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Staff Email Addresses Removed From District Websites to Improve Cybersecurity

Citing growing concerns about phishing scams and potential hacks of their computer networks, some school district technology leaders have decided to remove staff email addresses from their official websites, a move that some experts warn could frustrate parents. 

Since early November, scrolling through Campbell County Public Schools' website would no longer reveal any staff email addresses. Instead, there are just phone numbers and a generic email for the webmaster.

The district's director of instructional technology Mark Slusher told a local paper that the decision to remove staff email addresses from the website is a way to improve cybersecurity and protect against phishing scams.

Cybersecurity experts have recommended the removal of email addresses on websites, he said. Having staff email addresses publicly available "opens the door" for anybody to send an email with illicit links to a staff member, and "that's how the school network can be hacked," Slusher told Lynchburg newspaper The News & Advance.

Parents can still contact staff by calling the schools or through the Parent Portal, a secure web-based application that allows parents to look at their child's attendance, lunch account, class schedule, grades and more, according to The News & Advance.

Doug Levin, the CEO of consulting firm EdTech Strategies, in an email to Education Week, said that it's "not uncommon for schools or other organizations" to remove contact information from public websites to protect against "marketers, scammers and criminals." But it may "disadvantage some parents, including those for whom email is the easiest or only way to communicate with their children's school during business hours," he said.

Slusher told Education Week that they have not received complaints from parents, and if teachers want to give out their email address to parents, they are free to do so.

In Illinois, the Township High School District has also stopped publishing staff emails on its website to avoid scams.

Keith Bockwoldt, the director of technology services for Township, said in an interview with Education Week that about five years ago the district switched to a web-based form that parents or anyone can fill out if they need to contact a staff member. While the district did get some complaints from parents, the form is an easy and safe way to communicate with staff members, he said.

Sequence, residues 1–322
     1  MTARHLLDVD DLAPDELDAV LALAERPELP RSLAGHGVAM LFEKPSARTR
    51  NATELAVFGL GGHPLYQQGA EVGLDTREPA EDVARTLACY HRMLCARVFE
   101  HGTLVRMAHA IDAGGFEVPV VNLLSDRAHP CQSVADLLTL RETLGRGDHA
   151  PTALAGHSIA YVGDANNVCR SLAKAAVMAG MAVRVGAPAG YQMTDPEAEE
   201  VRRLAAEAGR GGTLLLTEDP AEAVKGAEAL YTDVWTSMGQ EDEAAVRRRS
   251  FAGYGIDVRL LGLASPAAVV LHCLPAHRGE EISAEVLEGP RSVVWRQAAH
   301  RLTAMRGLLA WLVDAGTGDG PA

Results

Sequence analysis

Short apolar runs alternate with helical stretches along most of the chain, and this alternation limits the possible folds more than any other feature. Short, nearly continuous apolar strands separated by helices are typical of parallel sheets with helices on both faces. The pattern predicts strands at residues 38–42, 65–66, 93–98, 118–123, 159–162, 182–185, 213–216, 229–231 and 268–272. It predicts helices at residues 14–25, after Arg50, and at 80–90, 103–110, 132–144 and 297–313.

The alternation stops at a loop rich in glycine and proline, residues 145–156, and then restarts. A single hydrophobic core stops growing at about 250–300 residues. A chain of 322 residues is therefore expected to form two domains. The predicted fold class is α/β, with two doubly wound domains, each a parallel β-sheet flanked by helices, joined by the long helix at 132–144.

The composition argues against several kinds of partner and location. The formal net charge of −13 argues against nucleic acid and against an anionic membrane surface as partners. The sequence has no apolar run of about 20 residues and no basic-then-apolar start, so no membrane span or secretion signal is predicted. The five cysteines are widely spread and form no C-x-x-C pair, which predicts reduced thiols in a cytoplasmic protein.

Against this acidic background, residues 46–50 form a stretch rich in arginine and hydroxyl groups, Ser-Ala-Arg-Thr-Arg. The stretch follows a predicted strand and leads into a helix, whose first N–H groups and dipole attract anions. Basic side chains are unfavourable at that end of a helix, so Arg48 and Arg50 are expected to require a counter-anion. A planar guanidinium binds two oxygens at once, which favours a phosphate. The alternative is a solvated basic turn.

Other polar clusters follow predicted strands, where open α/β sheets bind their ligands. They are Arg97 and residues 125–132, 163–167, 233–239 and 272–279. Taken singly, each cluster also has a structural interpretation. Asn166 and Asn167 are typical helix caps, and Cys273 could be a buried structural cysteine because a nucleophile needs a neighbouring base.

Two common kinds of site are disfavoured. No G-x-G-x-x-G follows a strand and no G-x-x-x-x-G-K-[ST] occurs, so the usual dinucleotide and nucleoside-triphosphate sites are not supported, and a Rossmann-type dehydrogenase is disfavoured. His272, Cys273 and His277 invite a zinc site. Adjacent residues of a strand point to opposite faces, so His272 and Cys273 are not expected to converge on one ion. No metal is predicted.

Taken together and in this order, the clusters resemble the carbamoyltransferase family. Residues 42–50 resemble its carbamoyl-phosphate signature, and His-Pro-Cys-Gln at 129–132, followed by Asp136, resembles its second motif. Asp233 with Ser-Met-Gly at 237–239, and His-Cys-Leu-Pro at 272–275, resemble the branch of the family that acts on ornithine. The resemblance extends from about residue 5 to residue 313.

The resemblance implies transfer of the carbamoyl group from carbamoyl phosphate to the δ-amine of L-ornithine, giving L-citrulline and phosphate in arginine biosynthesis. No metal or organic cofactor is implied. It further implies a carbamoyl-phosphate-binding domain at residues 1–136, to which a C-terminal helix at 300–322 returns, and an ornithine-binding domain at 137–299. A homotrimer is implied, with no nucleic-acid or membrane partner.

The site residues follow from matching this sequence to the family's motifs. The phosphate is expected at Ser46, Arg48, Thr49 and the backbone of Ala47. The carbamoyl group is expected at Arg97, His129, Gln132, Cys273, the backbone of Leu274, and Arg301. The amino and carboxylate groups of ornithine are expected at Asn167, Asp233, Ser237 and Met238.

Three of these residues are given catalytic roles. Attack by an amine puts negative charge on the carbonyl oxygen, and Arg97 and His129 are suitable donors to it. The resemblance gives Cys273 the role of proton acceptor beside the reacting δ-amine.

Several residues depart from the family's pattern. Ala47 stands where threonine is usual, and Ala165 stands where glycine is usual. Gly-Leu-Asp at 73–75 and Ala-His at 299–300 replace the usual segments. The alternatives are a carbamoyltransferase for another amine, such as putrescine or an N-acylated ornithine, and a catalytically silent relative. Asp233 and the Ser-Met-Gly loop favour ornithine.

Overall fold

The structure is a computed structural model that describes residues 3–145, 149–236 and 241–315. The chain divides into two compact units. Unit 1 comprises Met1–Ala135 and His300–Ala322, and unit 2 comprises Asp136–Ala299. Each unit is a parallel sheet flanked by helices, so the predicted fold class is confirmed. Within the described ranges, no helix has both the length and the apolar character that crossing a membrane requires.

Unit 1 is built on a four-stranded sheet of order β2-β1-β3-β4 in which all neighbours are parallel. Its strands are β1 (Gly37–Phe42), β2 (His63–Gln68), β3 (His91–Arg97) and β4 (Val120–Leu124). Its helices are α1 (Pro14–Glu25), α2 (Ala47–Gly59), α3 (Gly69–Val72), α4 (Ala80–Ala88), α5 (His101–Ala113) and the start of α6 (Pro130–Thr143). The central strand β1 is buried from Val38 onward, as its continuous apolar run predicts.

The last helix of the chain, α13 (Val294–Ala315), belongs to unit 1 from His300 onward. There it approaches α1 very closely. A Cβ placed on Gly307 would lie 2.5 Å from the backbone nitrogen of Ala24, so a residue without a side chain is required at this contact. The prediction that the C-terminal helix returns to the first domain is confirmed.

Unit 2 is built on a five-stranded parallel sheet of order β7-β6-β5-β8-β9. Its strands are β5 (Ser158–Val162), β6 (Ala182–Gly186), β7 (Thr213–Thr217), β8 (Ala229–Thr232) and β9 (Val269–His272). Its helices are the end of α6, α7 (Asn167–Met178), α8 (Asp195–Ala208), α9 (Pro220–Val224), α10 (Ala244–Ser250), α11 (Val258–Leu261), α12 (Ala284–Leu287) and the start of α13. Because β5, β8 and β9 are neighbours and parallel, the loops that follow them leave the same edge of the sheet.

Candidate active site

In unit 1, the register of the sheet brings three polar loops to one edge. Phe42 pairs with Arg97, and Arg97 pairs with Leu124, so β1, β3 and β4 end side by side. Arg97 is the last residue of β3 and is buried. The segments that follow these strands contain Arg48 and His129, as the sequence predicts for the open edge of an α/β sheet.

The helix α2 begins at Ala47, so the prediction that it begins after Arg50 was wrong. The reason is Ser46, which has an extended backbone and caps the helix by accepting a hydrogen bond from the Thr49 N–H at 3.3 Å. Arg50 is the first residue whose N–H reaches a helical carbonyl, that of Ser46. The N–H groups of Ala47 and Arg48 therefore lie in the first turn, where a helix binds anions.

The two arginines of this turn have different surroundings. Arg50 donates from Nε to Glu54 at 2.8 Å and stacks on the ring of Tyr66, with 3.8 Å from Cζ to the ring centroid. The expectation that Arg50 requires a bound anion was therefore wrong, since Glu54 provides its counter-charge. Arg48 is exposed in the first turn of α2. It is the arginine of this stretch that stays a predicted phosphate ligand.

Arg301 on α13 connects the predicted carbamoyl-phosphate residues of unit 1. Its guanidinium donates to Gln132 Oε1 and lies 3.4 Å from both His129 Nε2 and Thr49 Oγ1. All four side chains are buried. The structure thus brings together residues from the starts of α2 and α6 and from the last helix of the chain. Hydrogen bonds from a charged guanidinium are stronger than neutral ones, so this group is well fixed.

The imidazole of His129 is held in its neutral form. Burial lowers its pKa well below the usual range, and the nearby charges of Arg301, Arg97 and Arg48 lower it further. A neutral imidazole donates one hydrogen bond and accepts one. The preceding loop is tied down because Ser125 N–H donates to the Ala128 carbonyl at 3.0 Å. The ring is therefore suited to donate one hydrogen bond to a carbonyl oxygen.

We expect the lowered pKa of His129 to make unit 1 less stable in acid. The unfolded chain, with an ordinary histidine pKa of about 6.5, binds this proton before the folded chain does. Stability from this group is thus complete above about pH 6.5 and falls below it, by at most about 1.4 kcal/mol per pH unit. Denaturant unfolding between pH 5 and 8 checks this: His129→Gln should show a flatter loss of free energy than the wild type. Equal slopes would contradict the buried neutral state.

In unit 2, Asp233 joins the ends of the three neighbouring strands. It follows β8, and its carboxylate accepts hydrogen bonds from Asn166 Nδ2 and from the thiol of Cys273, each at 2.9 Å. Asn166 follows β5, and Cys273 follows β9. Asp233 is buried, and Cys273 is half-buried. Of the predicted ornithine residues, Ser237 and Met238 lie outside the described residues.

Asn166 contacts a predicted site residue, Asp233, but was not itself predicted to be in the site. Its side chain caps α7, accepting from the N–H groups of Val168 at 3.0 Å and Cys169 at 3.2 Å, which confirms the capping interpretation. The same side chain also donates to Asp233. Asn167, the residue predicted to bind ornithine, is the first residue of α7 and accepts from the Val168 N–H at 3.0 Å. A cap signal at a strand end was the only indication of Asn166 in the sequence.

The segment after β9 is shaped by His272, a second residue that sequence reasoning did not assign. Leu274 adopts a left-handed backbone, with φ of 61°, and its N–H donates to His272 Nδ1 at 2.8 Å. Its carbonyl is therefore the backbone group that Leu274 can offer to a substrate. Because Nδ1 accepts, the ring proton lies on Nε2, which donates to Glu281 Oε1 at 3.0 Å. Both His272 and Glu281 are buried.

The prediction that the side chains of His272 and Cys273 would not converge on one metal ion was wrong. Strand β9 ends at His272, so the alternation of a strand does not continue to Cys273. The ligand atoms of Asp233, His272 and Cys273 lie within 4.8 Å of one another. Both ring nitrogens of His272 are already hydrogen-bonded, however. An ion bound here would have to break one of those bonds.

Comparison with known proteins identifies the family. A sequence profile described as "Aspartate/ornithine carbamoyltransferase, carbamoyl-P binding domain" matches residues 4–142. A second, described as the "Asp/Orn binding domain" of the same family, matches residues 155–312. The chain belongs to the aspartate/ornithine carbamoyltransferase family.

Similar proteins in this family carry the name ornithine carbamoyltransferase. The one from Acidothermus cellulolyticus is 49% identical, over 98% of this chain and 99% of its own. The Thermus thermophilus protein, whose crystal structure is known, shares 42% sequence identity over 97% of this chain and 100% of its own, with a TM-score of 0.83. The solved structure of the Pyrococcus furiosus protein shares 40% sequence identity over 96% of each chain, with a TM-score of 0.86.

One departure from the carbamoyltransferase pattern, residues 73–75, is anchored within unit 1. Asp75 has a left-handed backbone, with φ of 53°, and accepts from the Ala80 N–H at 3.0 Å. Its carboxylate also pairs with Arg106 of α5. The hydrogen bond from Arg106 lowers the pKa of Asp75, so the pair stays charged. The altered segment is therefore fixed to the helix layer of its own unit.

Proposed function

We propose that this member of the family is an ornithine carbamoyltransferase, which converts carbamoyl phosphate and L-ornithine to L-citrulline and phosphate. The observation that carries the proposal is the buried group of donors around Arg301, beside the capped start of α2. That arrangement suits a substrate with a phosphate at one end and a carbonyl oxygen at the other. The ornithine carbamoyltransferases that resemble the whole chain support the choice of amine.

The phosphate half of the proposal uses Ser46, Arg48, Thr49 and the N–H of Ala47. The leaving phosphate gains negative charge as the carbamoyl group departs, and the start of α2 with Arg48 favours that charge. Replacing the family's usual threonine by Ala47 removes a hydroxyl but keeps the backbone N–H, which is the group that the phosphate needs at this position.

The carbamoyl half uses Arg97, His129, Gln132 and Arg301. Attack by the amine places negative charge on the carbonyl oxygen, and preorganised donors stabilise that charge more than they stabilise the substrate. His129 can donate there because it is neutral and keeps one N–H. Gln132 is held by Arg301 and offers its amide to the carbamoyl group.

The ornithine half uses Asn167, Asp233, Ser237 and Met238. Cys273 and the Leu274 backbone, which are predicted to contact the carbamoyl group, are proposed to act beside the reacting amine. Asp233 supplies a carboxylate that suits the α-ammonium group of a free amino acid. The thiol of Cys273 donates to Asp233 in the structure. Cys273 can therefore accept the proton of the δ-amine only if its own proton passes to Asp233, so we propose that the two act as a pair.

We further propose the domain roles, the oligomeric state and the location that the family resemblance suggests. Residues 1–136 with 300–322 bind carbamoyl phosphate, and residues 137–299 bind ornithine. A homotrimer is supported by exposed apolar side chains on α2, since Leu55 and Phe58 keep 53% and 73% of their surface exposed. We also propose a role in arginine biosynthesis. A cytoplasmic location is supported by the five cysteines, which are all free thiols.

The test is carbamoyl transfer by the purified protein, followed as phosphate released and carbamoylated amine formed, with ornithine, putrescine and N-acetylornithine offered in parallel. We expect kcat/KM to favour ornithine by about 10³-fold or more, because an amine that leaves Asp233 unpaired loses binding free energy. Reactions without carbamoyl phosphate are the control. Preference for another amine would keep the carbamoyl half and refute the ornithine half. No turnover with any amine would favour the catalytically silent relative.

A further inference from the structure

For Township, the decision to remove the emails has "trimmed down" the number of phishing scam emails that employees have received. But that's not the only way the district is protecting against cyberattacks. Bockwoldt said the school system has awareness campaigns and training drills for staff, so they know what cyberattacks are and how to protect against them. The district also has software and a firewall in place to prevent attacks.

According to the Consortium for School Networking, a professional association for school system technology leaders, about 90 percent of cyberattacks start with phishing, the practice of sending seemingly legitimate emails that will entice users to reveal personal information or click on links that install malicious software.

Training staff to detect and report suspicious emails is the most important step to deal with phishing, according to CoSN. The organization also strongly recommends configuring firewalls and email systems to have rules that don't allow "bad" attachments.

Campbell County's decision was not in response to any attack on the district's network, according to Slusher, but because its employees were beginning to receive many phishing scams. Starting in January, the district will focus on educating their employees on how to protect against cyberattacks.

As schools increasingly turn to education technology and cloud computing, they become more vulnerable to hackings. Just last week, Project Tomorrow released a survey that showed 71 percent of district administrators are concerned about network security.

There have been more than 380 cybersecurity-related incidents involving U.S. public schools since 2016, according to Levin.


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